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Morning markets: Early points go to bulls on big data day


Bulls appear to have won the first round on a big day for US data.


The Malaysian Palm Oil Board reported that Malaysian palm oil stocks fell by 6.3% month on month in June, to 1.90m tonnes – below the 1.94m-tonne level that investors had expected.


The impact was to send Kuala Lumpur September futures, which had been trading lower ahead of the data, to 2,425 ringgit a tonne as of 10:25 UK time (04:25 Chicago time), a 0.9% gain on the day.


Production, exports soar

Not that the briefing failed to offer some crumbs for bears.


Malaysian palm oil production last month, at 1.89m tonnes, was more than 100,000 tonnes above expectations and, by a distance, the highest June figure on record.


It was also up 25% from June 2019 – the highest year on year gain for any month in nine years.


Even allowing for some pent-up pressure thanks to coronavirus lockdown hiccups, that was quite an increase.


However, the gain was offset by exports which, at 1.71m tonnes, jumped 24% year on year (and 25% month on month) as importers took advantage of Malaysia’s temporary scrapping of palm export duties.


(How sustainable that gain is is another question, with exports falling 16.8% month on month in the first 10 days of June, data from cargo surveyor Amspec showed.)


‘Early Russia yields are down’

Whether the big data release of the day, the US Department of Agriculture’s Wasde briefing, goes bears’ way, is another matter.


Certainly, in wheat, many investors chose to take profits on decent gains already this week, with the Chicago September contract shedding 0.6% to $5.21 ¾ a bushel.


Not that talk of harvest disappointment has run dry.


“Early Russia wheat yields are down 24% from last year,” Steve Freed at ADM Investor Services (although cautious should be taken in extrapolating too much from initial findings, as the first crops into the combine are often those which mature prematurely thanks to stress.)


Benson Quinn Commodities also noted that “Russian crop concerns continue to circulate”, adding that “early harvest reports are disappointing”, and noting too “talk China may be looking to buy US soft red winter wheat”.


Priced in already?

In Paris, Agritel besides restating the mixed nature of early results from the French soft wheat harvest (now 10% complete according to FranceAgriMer), noted an official forecast of the Bulgarian crop tumbling by 4.5m-4.9m tonnes year on year.


“The other area in Europe,” besides France, “where yields are in sharp decline is the region of Romania/Bulgaria”, Romania being a key EU wheat exporter.


Indeed, it was notable that this week’s Gasc tender provoked only one cargo of Romanian which, which was proved at 209.99 a tonne excluding freight, well above all but one of the nine Russian cargos offered (and above a lone Ukrainian cargo too).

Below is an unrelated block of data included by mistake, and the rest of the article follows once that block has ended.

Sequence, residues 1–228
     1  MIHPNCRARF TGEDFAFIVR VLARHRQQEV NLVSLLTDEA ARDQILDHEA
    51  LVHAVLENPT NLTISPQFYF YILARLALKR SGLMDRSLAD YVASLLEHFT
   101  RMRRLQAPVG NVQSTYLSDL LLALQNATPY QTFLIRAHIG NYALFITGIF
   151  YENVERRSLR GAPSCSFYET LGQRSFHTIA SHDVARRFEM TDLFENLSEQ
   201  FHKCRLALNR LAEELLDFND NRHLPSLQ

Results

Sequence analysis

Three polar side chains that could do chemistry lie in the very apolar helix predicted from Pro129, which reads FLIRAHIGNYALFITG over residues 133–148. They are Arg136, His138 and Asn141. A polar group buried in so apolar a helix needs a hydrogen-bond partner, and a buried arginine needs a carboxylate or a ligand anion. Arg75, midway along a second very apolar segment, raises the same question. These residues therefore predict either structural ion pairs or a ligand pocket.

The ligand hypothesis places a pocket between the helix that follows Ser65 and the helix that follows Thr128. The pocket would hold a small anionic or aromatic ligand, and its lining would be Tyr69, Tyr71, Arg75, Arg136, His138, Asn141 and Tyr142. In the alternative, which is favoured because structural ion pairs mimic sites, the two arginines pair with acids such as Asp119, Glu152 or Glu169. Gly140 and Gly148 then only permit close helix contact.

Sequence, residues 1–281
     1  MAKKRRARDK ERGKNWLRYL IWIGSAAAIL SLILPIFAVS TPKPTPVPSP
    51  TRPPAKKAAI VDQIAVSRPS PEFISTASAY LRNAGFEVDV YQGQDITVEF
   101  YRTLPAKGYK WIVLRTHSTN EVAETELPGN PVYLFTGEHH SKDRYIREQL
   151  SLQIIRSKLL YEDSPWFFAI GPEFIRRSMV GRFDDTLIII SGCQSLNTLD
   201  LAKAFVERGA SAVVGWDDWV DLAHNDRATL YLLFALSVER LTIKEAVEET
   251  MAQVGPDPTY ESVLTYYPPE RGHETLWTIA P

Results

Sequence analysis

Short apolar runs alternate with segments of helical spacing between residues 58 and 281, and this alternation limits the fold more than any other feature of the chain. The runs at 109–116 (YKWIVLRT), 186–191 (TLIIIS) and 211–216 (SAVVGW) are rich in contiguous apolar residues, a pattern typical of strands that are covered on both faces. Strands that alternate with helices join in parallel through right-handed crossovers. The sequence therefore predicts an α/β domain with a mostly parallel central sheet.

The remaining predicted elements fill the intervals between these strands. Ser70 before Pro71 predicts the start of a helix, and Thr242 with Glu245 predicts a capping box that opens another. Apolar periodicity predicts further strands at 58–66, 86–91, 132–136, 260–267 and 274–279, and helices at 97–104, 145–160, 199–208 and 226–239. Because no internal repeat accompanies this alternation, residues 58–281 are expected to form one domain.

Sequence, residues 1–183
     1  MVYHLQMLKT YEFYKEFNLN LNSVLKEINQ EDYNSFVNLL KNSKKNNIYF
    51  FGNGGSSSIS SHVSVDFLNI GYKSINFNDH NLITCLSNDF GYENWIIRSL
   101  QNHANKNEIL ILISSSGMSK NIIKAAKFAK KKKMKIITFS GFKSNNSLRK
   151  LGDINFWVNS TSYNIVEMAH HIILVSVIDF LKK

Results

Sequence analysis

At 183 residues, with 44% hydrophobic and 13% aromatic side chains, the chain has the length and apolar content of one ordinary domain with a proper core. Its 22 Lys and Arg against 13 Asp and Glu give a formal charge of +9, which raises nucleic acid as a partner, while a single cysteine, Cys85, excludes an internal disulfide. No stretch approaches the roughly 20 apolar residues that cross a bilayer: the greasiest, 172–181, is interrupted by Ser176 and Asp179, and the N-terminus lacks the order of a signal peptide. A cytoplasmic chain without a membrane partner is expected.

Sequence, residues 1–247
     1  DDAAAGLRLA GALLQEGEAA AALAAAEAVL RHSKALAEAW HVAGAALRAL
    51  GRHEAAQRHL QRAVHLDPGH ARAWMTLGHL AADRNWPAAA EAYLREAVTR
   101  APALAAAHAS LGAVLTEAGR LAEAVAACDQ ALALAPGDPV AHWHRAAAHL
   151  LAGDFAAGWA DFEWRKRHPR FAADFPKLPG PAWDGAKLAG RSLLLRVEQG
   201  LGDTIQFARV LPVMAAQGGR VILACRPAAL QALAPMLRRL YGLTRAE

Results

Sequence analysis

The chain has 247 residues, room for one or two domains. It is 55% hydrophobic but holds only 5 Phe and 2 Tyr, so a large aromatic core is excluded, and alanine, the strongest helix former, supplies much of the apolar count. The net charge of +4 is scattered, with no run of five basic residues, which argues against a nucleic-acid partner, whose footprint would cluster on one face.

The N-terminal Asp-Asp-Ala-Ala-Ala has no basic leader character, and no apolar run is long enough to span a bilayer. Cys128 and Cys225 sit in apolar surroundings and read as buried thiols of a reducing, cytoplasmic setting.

However, the issue is whether the Wasde will produce enough in the way of downgrades to keep bulls fed.


“Global supply demand outlook for wheat will need to see a reduction in supply to hold recent rally,” Benson Quinn Commodities said.


“Some estimate that Europe wheat crop could drop 8m tonnes” from the June estinate, “and exports could also drop 6m tonnes,” Mr Freed said.


Inventory expectations

Corn futures did manage some headway, adding 0.2% to $3.49 ½ a bushel for September, and 0.1% to $3.57 ½ a bushel for the December lot.


But then, with funds still retaining a large net short position in the grain, estimated around 175,000 lots, position closing ahead of the Wasde could mean upward pressure on values.


The Wasde is expected to bring a sharp drop to the forecast for US corn stocks at the close of 2020-21, by 640m bushels, thanks to the lowered area estimate revealed two weeks ago.


That said, at the 2.68bn bushels that investors expect later, inventories would hardly be tight.


Also in play is, of course, US weather, and the heat and dryness testing Midwest crops.


China’s needs

Chinese corn imports are another feature, and ideas that a substantial inventory rebuild could be in play, meaning purchases from abroad.


As Mr Freed noted, on Thursday, “China sold another 4m tonnes of corn from reserves, but domestic prices are still near all-time highs. Import margins remain positive”.


Dalian corn for September in fact edged 0.5% higher on Friday to 2,143 yuan a tonne, a five-year closing high for a nearest-but-one contract.


China’s agriculture ministry on Friday, in the Casde briefing, raised by 2m tonnes to 6m tonnes its forecast for the country’s corn imports in 2019-20.


In 2021-21, “China corn imports could easily end up more than the 7m-tonne” WTO quota, said Terry Reilly at Futures International.


Soybeans gain

The Casde also raised the forecast for China’s soybean imports in 2019-20 by 3m tonnes, to 94m tonnes, offering some support to Chicago futures in the oilseed.


Still, the August soybean lot edged a modest 0.2% higher to $8.98 a bushel, with the uncertainty of the Wasde and US weather overshadowing the market.


November soybeans nudged 0.1% higher to $9.02 ¼ a bushel.


The Wasde is in fact expected to raise the forecast for US soybean stocks at the close of 2020-21, reflecting the increased US soybean acreage figure released two weeks ago (although a figure which still came in below market expectations, of course).


Still, on the other side of the coin, there is some idea that the inventory upgrade may be curtailed by an increased figure too for US soybean exports in 2019-20.

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